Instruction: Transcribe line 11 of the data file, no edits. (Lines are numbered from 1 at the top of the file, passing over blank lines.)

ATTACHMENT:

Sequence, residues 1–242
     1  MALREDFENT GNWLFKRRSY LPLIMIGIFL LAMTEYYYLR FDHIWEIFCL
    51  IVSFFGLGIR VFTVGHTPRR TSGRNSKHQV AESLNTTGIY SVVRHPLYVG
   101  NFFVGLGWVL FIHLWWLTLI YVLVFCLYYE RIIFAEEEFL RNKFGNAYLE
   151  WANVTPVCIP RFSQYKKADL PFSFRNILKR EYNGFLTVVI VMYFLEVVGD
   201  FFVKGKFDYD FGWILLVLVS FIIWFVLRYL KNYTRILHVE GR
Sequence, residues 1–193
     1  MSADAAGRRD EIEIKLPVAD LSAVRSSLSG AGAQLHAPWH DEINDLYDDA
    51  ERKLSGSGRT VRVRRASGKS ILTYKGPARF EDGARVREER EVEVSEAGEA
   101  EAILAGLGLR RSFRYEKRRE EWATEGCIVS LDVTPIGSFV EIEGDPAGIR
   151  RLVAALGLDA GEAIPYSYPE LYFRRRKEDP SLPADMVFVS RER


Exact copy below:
   151  RLVAALGLDA GEAIPYSYPE LYFRRRKEDP SLPADMVFVS RER